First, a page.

Australia’s energy system is outdated and a shambles. It needs a reboot

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Our electricity market is a shambles. It combines the worst aspects of multiple regimes in the one system, a system that is neither clean nor cheap, neither simple nor sophisticated, neither public and fair nor private and competitive.

It’s old, outdated and it’s not getting better. Its institutions were designed for a centralised era, populated by passive consumers and powered by fossil fuels.

It’s a system dominated by a few controlling power companies. It’s a system so off it caused Australians, over the last decade, to spend $75 billion dollars building far more electricity network infrastructure than we needed.

That’s why the Homegrown Power Plan begins with a blueprint for transforming how our electricity system is governed: without sorting out the rules of the game and how these rules are enforced, it is very hard for renewables to get on the eld, let alone succeed.

The electricity market needs a reboot, not just reform. To transition to 100% renewable power we must completely redesign Australia’s antiquated electricity system. Here’s how.

  1. Forge a cross-party commitment to a full energy transition

Taking the politics out of energy means we can get on with the job of switching over to clean, renewable power in an e cient and a ordable way. We also need to make it someone’s job, by setting up an Energy Transition Agency to coordinate the orderly phase-in of renewables and phase-out of fossil fuels.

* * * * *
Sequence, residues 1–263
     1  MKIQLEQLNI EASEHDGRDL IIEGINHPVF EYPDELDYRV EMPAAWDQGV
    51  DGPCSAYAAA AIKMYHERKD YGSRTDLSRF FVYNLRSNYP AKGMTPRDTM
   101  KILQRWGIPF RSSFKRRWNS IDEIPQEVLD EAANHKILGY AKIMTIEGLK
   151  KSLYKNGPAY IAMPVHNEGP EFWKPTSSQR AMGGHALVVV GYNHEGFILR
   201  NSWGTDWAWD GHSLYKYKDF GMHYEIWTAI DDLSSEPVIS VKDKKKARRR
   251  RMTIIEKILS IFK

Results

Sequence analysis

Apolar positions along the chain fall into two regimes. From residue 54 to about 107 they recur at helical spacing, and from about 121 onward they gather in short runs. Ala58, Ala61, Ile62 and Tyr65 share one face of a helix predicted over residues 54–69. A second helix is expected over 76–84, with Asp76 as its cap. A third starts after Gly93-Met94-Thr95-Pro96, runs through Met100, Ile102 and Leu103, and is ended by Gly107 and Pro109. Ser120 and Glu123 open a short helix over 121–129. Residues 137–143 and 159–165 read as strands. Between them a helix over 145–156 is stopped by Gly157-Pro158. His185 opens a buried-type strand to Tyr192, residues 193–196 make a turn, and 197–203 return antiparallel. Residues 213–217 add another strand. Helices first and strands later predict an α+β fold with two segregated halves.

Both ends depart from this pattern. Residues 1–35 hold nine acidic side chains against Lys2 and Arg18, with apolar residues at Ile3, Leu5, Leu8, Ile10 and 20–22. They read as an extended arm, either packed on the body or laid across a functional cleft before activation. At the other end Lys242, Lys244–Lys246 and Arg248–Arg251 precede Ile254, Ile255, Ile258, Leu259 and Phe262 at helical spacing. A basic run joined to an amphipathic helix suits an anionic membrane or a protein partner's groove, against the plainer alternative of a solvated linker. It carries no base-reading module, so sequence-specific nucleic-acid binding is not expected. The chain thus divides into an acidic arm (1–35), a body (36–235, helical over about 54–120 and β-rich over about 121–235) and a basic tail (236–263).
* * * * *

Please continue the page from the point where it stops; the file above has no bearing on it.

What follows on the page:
2.  Put 100% renewable energy in the one sentence that rules them all

Why we need it: The National Electricity Objective (NEO) dictates how the market works. Our current NEO was explicitly designed not to include the environment or social justice, which means the innovative renewable projects we urgently need are being overlooked. Time for an overhaul.

How it works: Federal and state governments rewrite the NEO so that it reads as follows: ‘Deliver an a ordable, e cient, reliable, safe and fair electricity system that is powered by 100% renewable energy.’

    3.  Make the electricity network act more like the internet

Why we need it: Right now consumers are completely beholden to a clunky, centralised system
and the handful of companies that dominate them. By shifting the electricity network business model from analog to digital, millions of us could trade renewable energy locally, instead of a few big centralised generators selling us their polluting power from far away.

How it works: The Energy Transition Agency helps network companies
to transform themselves into local energy trading platforms. Imagine a website that lets you buy your electricity from your neighbour, or get it from the nearby solar garden that you part-own, or the wind turbine at your friend’s farm at the edge of town. Think eBay, but for local energy.

Turning the electricity market upside down is necessary, but it will take time. There are a few things we can do right now to kickstart the transition.

Reward network companies for saving their customers’ money instead of wasting it:

Network fees make up half of the average household’s bill. When you follow the money, it’s easy to see why: network companies earn more if they can spend more of their customers’ money on poles and wires. These companies should be required to set targets for cutting unnecessary spending by helping people use less energy at peak times. If they don’t meet their targets, they should be penalised.